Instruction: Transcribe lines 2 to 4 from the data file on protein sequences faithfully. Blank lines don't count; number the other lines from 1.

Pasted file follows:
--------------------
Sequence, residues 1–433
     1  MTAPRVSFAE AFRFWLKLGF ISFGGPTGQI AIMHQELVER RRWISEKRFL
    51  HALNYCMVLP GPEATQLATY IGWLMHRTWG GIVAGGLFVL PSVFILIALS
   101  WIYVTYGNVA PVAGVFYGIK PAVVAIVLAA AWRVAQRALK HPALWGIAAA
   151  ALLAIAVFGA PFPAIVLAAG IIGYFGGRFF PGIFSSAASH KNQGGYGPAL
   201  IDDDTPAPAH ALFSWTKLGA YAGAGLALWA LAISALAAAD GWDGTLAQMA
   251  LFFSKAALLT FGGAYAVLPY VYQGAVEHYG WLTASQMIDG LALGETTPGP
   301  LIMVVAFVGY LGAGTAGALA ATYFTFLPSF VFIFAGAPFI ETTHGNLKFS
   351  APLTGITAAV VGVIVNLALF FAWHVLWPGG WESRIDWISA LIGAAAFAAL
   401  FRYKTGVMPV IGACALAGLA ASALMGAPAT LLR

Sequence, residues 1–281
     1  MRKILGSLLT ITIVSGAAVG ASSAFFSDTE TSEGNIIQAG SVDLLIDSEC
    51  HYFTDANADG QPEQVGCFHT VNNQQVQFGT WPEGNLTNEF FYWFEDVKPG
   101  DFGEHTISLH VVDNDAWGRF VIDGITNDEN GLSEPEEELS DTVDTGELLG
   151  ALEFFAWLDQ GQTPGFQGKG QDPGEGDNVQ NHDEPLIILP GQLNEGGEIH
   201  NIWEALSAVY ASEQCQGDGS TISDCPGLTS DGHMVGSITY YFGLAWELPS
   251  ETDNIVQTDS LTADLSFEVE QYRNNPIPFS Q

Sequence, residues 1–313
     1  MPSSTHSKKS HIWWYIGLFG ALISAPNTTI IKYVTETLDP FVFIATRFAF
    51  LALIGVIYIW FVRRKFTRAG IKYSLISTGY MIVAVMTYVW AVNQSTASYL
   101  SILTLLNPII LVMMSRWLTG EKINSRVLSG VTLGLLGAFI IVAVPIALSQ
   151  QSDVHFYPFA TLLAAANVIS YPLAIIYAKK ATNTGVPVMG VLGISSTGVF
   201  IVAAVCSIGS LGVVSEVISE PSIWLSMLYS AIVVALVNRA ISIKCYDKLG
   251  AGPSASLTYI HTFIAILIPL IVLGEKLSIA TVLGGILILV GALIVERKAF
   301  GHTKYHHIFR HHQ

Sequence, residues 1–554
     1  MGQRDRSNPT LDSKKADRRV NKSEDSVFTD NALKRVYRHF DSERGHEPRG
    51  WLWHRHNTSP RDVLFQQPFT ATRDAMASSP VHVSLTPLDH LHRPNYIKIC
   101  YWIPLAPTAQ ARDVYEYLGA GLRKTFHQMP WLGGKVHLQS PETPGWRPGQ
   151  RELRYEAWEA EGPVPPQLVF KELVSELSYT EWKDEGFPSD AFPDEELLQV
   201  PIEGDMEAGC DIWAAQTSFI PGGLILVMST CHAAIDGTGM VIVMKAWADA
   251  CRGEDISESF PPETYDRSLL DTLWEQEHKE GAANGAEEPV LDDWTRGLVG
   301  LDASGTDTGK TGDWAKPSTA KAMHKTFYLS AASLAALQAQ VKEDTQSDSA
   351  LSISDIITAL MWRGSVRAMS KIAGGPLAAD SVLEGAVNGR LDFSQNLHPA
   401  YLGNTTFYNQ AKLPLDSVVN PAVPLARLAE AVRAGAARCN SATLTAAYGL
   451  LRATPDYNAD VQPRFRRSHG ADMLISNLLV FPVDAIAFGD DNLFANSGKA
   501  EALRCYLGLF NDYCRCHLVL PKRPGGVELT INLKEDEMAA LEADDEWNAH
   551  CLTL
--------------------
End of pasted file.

     1  MTAPRVSFAE AFRFWLKLGF ISFGGPTGQI AIMHQELVER RRWISEKRFL
    51  HALNYCMVLP GPEATQLATY IGWLMHRTWG GIVAGGLFVL PSVFILIALS
   101  WIYVTYGNVA PVAGVFYGIK PAVVAIVLAA AWRVAQRALK HPALWGIAAA